Sound familiar? It should. Ninety years later, the sort of ideological demonization Bunin refers to has not disappeared. Far from it! One can spend days hopping from blog to blog, website to website, “news” channel to “news” channel, and never encounter a serious argument against this or that political point of view that doesn’t amount to a melange of ad hominem attacks, snarky remarks, and name calling, accompanied by the striking of virtuous poses from the “moral high ground.”

This phenomenon has long been a trademark of the ideological left in the US, but is now increasingly affecting the right, so that mutual villification has become the rule. One rarely finds cool, detached, objective arguments on any ideologically loaded topic. Instead, one hears a recitation of the reasons ones opponent is a villain, accompanied by much moralistic preening. The truth suffers. How refreshing it would be to find, if only once in a great while, an attack on an opponent’s arguments rather than his or her character. What a pleasant surprise it would be to find some ideologically loaded topic discussed on its merits, without the implication that anyone holding an opposing point of view must not only be wrong, but necessarily suffer from some kind of a moral deficit as well.

The shallowness necessarily associated with this form of “debate” eventually becomes oppressive. One reflects that none of these furious zealots would be remotely capable of explaining, based on first principles, why one action is good and another evil, and recalls a remark once uttered by Nietzsche: “Virtuous indignation is a crutch for the intellectually crippled.”


Japan, Roosevelt, and the Attack on Pearl Harbor

There are a plethora of sites out there for those whose tastes run to conspiracy theories and revisionist history according to which FDR knew all about the Japanese attack in advance, used masterful and insidious psychological tricks to provoke an otherwise peaceful nation, hoodwinked the American people, etc., etc. Examples can be found here, here, here, and here, along with the occasional sober voice to balance the scales. In fact, Roosevelt wasn’t the only one expecting an attack. People who were paying attention were aware it was coming at least as early as 1924. If the American people were “hoodwinked,” it was their own fault. As Exhibit A for the Defense, I cite an article from the “American Mercury,” issue of January 1924, entitled “Two Years of Disarmament,” authored by one Miles Martindale (nom de plume), pp. 62-68.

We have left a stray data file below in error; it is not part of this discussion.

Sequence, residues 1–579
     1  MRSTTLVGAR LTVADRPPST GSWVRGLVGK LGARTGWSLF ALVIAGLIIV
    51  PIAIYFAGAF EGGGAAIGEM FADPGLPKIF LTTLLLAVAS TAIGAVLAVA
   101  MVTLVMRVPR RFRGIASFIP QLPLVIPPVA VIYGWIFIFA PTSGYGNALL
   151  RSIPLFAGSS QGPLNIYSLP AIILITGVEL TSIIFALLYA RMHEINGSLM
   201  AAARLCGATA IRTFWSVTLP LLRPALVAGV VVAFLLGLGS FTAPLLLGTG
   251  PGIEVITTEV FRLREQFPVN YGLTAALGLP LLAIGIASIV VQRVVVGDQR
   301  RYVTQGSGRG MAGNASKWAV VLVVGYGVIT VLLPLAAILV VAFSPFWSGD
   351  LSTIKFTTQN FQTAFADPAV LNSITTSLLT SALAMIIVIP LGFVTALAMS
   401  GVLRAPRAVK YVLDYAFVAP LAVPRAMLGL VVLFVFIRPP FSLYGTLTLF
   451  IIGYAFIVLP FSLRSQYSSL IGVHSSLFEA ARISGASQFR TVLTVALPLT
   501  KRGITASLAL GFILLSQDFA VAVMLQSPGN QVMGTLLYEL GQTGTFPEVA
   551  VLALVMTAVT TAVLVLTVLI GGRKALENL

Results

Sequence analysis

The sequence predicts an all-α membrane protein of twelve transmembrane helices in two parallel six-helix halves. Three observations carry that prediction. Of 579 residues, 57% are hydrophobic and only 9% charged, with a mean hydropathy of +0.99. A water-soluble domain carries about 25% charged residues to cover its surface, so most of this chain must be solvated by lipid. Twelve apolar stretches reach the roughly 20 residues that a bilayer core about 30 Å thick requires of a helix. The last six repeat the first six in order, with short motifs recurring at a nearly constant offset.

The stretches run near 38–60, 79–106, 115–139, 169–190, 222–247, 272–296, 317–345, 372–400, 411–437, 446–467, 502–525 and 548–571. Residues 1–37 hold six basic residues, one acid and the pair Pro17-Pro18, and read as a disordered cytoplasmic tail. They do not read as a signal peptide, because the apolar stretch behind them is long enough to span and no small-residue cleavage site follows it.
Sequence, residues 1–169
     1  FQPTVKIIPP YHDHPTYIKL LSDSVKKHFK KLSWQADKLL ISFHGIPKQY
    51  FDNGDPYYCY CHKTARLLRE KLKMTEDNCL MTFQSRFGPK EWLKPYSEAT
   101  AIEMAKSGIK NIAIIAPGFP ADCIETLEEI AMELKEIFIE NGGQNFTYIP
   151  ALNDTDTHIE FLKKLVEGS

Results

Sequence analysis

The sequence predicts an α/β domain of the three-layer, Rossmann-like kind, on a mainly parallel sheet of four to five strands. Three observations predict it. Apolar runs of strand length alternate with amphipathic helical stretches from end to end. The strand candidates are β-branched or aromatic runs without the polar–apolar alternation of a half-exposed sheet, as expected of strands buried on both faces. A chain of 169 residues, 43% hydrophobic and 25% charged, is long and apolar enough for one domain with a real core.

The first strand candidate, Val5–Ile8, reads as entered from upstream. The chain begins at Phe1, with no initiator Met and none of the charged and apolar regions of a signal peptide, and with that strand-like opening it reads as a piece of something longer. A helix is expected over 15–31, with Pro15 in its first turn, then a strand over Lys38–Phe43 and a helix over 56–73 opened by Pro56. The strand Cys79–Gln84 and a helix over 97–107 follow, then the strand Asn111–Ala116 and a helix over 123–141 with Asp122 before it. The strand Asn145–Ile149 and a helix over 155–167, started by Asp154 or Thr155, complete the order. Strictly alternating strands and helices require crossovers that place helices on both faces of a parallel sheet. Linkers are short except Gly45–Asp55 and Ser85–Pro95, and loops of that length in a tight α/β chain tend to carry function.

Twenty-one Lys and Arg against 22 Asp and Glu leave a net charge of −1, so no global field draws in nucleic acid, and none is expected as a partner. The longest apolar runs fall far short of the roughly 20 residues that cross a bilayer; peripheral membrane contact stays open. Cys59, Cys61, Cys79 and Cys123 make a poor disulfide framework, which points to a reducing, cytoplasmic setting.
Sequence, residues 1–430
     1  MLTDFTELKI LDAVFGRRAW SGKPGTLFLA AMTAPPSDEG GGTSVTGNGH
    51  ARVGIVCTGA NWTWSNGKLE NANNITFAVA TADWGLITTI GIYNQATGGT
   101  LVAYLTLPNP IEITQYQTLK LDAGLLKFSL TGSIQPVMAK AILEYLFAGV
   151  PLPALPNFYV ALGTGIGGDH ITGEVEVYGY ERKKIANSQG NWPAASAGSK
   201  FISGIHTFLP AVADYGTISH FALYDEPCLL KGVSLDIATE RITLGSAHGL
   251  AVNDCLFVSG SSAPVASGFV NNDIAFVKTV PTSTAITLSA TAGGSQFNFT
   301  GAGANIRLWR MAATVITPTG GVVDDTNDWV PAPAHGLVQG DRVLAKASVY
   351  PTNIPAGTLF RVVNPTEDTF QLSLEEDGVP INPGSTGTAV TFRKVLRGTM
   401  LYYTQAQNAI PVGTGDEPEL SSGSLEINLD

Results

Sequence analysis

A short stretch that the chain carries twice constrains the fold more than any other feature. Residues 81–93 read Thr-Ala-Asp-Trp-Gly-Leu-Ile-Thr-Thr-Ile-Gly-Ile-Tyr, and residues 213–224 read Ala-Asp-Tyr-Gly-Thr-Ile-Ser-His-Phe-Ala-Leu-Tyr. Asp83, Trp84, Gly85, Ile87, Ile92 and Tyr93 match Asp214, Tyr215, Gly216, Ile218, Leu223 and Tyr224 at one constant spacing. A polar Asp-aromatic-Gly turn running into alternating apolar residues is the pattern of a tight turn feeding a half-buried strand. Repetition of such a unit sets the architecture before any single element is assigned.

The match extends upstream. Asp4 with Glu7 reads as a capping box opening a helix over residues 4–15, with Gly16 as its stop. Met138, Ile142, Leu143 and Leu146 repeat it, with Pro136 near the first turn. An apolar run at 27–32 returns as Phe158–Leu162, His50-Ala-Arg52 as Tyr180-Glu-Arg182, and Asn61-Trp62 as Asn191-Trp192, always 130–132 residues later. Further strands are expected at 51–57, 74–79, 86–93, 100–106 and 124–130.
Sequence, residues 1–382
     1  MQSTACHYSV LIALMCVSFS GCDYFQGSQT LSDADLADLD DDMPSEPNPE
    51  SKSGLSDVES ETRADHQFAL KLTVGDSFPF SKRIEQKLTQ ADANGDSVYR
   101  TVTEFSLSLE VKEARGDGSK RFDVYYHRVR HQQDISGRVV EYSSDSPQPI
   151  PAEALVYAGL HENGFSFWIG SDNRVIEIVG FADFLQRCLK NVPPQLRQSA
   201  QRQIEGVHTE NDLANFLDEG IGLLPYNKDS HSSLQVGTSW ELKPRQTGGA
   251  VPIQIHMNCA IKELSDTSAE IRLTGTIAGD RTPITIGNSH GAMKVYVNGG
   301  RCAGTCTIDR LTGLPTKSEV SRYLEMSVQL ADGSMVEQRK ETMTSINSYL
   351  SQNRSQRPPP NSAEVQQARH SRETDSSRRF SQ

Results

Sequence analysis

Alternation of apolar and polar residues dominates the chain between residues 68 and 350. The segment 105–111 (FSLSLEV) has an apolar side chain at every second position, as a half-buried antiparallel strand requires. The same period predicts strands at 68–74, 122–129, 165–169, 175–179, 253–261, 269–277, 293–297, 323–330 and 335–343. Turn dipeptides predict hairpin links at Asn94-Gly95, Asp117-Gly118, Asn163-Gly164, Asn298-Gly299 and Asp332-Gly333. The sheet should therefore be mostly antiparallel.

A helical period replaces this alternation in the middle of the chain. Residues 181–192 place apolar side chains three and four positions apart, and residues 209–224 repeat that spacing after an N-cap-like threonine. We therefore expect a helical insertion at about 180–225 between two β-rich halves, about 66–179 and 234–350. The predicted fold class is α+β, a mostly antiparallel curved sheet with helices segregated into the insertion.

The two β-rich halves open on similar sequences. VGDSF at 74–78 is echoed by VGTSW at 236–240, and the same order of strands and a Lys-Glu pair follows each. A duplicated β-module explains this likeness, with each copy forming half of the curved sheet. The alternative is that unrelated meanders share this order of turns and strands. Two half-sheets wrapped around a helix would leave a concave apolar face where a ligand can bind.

“Prior to 1854, Japan’s whole history was a sequence of efforts to prove herself independent of China. The influx of foreigners, backed by fleets of war vessels, brought the added fear of partition and domination by white men. Seventy years ago the Elder Statesmen advised avoidance of all disputes until Japan grew strong enough to deal with one rival at a time. This advice underlies the amazing modernization of Japan, centuries of development being compressed into decades. In accordance with the program, China was humbled in 1894, and Russia in 1904. Germany’s turn came in 1914, for to the peasant’s mind, the opera bouffe campaign of Tsing Tao bulks as large as if the entire war power of Germany had been engaged. The years ending in “4” were thus fixed in the Japanese mind as years of invincibility. The Americans were plotting war on Japan? Then let them have it; but it will be when we choose, and that is in 1924!